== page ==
How to Size Ski Blades

Written by maxwell wallace
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Ski blades, sometimes referred to as snow blades, are short skis. Many winter sports connoisseurs favour ski blades over conventional skis for their improved portability, balance and ability to carve through snow. Ski blades are also often used as a learning tool for young children before they advance to regular skis. Ski blades differ dramatically from conventional skis and their sizes do not correlate. However, downhill ski boots can be used with ski blade bindings.

Skill level:
Moderately Easy

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Things you need

  • Ski blades
  • Tape measure
  • Bathroom scale

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Instructions

  1. 1

    Choose the right vendor from which to purchase your ski blades. First-time users are often encourage to go to a ski shop to get the right feel for their first pair as opposed to purchasing ski blades unseen from an online vendor.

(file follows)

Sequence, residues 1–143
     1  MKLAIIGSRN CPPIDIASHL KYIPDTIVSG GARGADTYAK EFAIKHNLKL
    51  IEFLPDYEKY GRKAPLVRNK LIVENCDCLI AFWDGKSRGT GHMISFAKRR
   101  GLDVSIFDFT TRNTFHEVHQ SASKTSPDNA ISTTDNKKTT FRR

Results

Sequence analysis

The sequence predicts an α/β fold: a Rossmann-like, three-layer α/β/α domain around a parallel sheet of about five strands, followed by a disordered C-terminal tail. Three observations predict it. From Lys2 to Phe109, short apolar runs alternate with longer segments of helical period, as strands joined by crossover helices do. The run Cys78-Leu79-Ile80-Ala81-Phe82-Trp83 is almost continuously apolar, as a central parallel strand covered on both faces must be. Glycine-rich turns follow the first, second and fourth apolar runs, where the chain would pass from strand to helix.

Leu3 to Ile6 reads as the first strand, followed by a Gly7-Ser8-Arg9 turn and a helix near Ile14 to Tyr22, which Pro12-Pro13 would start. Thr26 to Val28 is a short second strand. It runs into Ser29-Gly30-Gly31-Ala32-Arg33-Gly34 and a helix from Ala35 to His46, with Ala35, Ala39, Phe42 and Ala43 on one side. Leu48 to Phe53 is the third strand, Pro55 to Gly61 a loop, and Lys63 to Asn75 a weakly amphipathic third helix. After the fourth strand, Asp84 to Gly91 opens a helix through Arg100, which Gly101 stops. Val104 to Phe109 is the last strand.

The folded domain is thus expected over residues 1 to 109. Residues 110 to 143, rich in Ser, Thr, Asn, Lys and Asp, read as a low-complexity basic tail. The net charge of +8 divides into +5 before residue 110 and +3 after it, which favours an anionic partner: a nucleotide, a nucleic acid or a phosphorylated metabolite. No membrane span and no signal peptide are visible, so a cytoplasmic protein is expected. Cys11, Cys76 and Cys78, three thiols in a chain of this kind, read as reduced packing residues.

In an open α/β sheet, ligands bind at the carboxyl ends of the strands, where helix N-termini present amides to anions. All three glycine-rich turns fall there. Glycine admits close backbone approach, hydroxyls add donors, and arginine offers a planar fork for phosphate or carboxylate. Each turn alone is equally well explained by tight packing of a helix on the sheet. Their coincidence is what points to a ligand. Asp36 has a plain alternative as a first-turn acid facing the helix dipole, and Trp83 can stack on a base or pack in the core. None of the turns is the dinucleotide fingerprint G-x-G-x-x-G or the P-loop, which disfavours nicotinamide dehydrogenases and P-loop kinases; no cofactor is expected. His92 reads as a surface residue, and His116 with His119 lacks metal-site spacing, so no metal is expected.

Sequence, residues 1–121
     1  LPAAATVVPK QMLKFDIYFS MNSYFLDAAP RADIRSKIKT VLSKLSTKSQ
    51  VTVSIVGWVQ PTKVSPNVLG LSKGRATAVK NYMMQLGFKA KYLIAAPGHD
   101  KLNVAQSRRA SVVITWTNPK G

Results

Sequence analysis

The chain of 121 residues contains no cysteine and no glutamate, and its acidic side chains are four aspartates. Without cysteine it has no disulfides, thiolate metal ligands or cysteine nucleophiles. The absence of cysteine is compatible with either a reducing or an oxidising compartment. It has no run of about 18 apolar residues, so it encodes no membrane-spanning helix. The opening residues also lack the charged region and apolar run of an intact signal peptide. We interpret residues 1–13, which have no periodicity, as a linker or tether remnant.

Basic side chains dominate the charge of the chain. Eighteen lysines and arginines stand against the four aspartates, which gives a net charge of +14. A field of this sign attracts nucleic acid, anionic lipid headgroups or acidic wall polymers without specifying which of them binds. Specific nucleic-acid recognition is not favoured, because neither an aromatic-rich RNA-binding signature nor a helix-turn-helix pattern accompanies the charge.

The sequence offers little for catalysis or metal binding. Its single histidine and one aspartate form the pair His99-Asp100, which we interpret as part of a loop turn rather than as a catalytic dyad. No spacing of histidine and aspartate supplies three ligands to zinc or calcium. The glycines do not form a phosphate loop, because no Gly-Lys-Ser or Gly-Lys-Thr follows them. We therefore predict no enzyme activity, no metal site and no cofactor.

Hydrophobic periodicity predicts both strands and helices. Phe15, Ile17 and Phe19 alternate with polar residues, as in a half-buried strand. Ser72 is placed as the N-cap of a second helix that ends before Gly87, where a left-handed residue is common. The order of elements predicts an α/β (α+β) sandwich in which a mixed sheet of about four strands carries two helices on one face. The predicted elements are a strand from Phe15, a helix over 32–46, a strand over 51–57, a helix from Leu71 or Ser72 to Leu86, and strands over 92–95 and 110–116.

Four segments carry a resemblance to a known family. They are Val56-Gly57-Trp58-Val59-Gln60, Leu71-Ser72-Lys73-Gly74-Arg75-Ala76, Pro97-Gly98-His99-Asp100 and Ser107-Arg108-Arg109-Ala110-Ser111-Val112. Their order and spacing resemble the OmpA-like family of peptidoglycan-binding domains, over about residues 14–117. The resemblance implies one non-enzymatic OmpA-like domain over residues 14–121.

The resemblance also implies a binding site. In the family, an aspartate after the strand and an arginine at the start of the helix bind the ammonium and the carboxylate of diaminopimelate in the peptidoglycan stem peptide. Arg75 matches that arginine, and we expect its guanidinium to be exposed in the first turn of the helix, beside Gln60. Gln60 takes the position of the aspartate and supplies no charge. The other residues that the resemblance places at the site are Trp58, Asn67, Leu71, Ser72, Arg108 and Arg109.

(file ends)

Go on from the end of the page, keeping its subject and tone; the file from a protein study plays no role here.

2. 2

    Choose a style of snow blade. Unlike skis and snowboards, whose lengths are determined largely by height and weight, snow blade length can vary depending on how you intended to use them. Longer snow blades improve turning and balance, better for slower-paced users in powdery conditions. Shorter snow blades are more agile and manoeuvrable for freestyle riding and tricks in packed-snow conditions.

  3. 3

    Measure your height and weight. Adult-sized snow blades are recommended for individuals taller than 5 feet weighing more than 45.4 Kilogram. Adult-sized blades vary in length from approximately 75 to 99 centimetres. For shorter or lightweight ski bladers, a children's size is recommended.

  4. 4

    Choose your length of ski blade based on how you intend to use your ski blades and the most common terrain you intend to ski.

Tips and warnings

  • Riding on improperly sized ski blades could result in injury. Ask for help when choosing your first snow blades from a trained professional or experienced friend.
  • Ski blades are not manufactured with safety release clips that free your boots during falls, so there is a higher risk of lower-leg injury with ski blades than with traditional alpine skis.

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